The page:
Xin Alessandro Zheng: It is funny that me becoming a director happened as an accident

Xin Alessandro Zheng

Xin Allessandro Zheng’s short drama Where The Leaves Fall is a story about a young second-generation Chinese-Italian man who goes to a brief trip to China to bring his father’s ashes to his hometown. The film is Zhang’s exploration of his own identity.

Where The Leaves Fall screened in the international competition of Ca’ Foscari short film festival in Venice, where it won the award for the Best Artistic Contribution. We wanted to talk to Zheng long before the awards were announced, and the interview took place during the festival, and before the award ceremony.

Can you introduce yourself to our readers in your own words?

I was born in Italy in Milan by two Chinese parents. I studied economics during the highschool, because my parents raised me to be ‘practical’ and to have a concrete job, like an accountant or engineer. Because of this way of thinking, I never studied art, or never thought about cinema as a career choice. When I finished my highschool, I had a change of heart, so I chose media design at NABA in MIlano against the will of my father. My parents were against it, but they accepted the new reality, just saying that I am risking a lot after the graduation. I didn’t listen.

Actually, when I chose media design, I didn’t take film, but I did some videos during my spare time. But videos were my hobbies. I originally wanted to be a game designer because I played a lot when I was younger. I also like it now, but I don’t play games very often because I don’t have the time for it. I started NABA with that intention, but at the university they also offer courses in cinema and at the 1st year, there is a general course on film for anyone interested in animation, feature or design which is mandatory. At the time I started to study film and about film, how to hold and operate the camera, but I didn’t like the environment that much. So, on the 2nd year I stuck with my choice, and when they asked me if I wanted to continue with game design, film or animation, I chose the game design. It didn’t take me longer than six months to realize that I didn’t like the course that much. It just wasn’t that great. I went back to short films, but just as hobby I practiced with my friends, and the funny part is that I never studied to be a director but I always ended up being one, because I worked with two friends out of which one wanted to work in the production, and the other one as the cinematographer. It is funny that me becoming a director happened as an accident, because I was the one stuck with it.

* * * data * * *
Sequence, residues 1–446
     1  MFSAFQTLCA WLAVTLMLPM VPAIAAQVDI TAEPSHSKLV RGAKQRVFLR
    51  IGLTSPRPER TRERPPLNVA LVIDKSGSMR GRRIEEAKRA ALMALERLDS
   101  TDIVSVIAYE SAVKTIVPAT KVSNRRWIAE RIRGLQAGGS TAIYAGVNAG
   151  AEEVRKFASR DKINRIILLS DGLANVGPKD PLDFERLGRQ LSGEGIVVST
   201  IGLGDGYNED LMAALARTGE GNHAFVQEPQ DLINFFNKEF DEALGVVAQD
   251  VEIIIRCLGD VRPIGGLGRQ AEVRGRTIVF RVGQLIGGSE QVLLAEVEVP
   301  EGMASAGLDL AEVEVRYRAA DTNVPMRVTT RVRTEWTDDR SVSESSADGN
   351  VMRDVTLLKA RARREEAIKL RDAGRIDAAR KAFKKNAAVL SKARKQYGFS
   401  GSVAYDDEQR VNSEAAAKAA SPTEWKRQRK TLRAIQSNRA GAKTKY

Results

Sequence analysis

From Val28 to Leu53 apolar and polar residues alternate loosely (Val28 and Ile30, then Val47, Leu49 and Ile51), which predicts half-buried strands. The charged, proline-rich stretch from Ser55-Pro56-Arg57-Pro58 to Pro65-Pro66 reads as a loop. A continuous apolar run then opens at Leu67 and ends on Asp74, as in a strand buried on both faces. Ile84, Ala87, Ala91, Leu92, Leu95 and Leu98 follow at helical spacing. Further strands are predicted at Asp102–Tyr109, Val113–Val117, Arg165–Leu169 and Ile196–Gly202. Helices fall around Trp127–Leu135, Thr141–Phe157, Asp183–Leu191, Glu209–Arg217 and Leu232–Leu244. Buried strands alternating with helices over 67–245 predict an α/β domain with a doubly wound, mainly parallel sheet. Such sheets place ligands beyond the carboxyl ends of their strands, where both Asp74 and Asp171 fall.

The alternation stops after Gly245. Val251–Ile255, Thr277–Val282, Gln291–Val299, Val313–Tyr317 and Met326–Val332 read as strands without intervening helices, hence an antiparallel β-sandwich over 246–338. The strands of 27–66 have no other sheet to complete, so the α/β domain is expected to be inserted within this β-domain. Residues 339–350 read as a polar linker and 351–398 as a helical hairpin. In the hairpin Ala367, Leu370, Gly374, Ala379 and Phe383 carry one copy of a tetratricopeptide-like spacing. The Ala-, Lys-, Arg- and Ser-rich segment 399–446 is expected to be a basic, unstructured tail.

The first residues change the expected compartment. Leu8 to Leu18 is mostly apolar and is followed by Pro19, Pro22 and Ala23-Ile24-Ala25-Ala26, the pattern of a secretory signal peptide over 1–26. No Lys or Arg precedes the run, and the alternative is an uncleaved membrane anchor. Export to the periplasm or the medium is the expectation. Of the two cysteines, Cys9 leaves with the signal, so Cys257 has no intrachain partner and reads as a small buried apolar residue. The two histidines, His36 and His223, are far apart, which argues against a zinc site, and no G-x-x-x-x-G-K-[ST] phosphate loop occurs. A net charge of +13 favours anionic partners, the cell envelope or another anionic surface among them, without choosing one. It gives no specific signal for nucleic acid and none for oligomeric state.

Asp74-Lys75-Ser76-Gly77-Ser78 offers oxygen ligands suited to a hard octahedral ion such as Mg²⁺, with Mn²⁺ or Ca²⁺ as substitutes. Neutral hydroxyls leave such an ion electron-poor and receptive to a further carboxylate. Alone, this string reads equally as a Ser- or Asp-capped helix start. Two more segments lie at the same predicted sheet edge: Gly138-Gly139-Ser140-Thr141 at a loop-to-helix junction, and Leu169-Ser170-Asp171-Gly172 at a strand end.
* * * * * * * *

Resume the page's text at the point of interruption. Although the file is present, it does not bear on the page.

I started directing films, and at the end of the studies that had nothing to do with the cinema, I made my short that you saw in Venice.

You are always talking about a multitude of films you worked on, but “Where The Leaves Fall” is the only one listed in your biography.

Well, that’s because they are my student films, and I feel slightly embarassed to show them.

How much of the narrative is based on your own experience, and the story of your family?

During the 3nd university year I started to study a bit more about the Chinese cinema classics, and to find out more about my roots. Before I started the university, I would always see myself as an Italian and not Chinese because I don’t even speak the language or hang out with Chinese people. But that changed when I entered my study. I started getting to know students who came from China, and slowly I made friendships and got curious to find out more. Chinese films were important to me because they were something my family lived with before. They became our second connection.

At around that time I discovered Jia Zhangke who is one of my biggest inspirations because his films remind me a lot of my phantasy about China represented through my grandparents’ stories about “their times”. They told me about their difficulties when they left the country and all the problems they had back home, and what kind of changes the life in Italy brought. They always spoke about how we lived better here, describing the poverty, and other bad things back home. So, I watched Zhangke’s movies about the difference between big cities and Chinese rural areas during the economic boom. In his movies, the situation in the cities improved due to the economic boom, but the rural areas were left out like in the 1970s and 1980s. I really liked the fact that in his first movies everybody moved by foot, or drove around on bicycles if I remember correctly. I remember the kind of images that reminded me of stories that my parents and my grandparents told me.